« Reply #43 on: December 16, 2009, 03:29:41 PM »
If you're actually trying to choose a between two career paths . . .

Things that are helpful:
-opinions of people who are actually working in either field and are 1 to 10 years ahead of you (if they've been around too long, their opinions may be unrealistic and out-of-date)
-opinions of people with career experience in both fields
-concrete descriptions from authoritative sources of exactly what is required to succeed in various subpaths within each field (I'm talking about concrete facts, like the requirement that one do a postdoc before obtaining a tenure-track faculty position, not vague things like you have to love it or have a natural ability for it)

Things that are not helpful:

-opinions of people who have career experience in neither field
-opinions of people who have experience in one field but are offering opinions about the other field
-salary statistics and job satisfaction surveys obtained through Google searches
-magazine articles about hot careers
-observations of what your fellow undergraduates are doing
-anonymous internet postings by people of unknown background


rbt1987

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Re: JD or PhD in Biology
« Reply #44 on: December 22, 2009, 11:28:09 PM »
We need more women scientists. That's my vote!

ptoomey

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Re: JD or PhD in Biology
« Reply #45 on: December 23, 2009, 07:20:32 AM »
I've enjoyed this thread. Just some random thoughts on the subject.

I'm not a scientist, but I work for a company that employs many scientists - so these are industry scientists, not people in academia. I eat lunch with them, so I know their gripes, their aspirations, the top ten people they'd kill if they ever decided to show up to work with a rifle...we're close.

Many people have commented on this already, but the mobility issue is a big one, and as someone already mentioned, it's especially difficult when the person's spouse is a scientist too. That's a big consideration for someone with a family, or considering a family. I would never consider a career that required me to move all around the country to find employment.

On the other hand, if you're really passionate about science, how do you not pursue it?
It's easy to dream though, and think of nothing but your passion. I think the test for someone considering a specific field is to talk to as many people as you can in the field. And beg them to tell you about everything they find unpleasant about the field. And don't let your passion sway you into talking only to people who are happy in the field. Hear all the bad stuff and be honest with yourself about what will make you happy AND whether you have the skills to succeed. And ask yourself if you would really be happy AND successful.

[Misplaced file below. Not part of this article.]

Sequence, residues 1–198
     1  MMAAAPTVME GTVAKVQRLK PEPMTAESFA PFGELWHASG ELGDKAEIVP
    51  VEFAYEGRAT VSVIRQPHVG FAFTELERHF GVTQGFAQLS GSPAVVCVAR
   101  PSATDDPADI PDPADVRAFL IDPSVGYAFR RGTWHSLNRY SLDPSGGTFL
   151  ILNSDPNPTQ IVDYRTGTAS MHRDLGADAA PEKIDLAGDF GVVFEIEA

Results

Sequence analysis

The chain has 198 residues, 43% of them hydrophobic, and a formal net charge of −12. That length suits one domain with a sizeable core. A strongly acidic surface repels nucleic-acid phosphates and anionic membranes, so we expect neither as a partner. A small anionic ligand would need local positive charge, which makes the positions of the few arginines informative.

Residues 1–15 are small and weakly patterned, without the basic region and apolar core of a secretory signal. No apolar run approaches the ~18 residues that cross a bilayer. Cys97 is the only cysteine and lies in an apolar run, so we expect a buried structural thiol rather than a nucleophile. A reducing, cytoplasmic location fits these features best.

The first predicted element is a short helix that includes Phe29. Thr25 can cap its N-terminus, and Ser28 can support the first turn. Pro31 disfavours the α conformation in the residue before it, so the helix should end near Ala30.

I can see why people who have sacrificed so many years of their lives and regret it, would want to spare others that fate, but clearly there are people who will be happy and successfull scientists, and there are people who will be happy and successful lawyers. It's ridiculous to try to make a blanket statement about either field being a good field to enter or a bad field to enter for EVERYONE. I realize that the OP of this thread asked for everyone's opinion about what they should do, but I've seen so many threads on here where people want to convince the world that law school is a bad idea for everyone.

Not many people love what they do, and so many of us are out there on the hunt for the thing that's really going to make us happy and successful. We spend most of our waking lives at work, and we just want it to be gratifying, or even tolerable. That can make people desperate, and willing to follow a dream that costs 3 years and 150K of debt, or 5 years and the life of a gypsy. My advice would be: Think long and hard about any career choice, talk to anyone in the field who will listen, don't give too much weight to any one opinion, no matter how persuasive or charismatic the person is. Otherwise your dream could turn into a nightmare.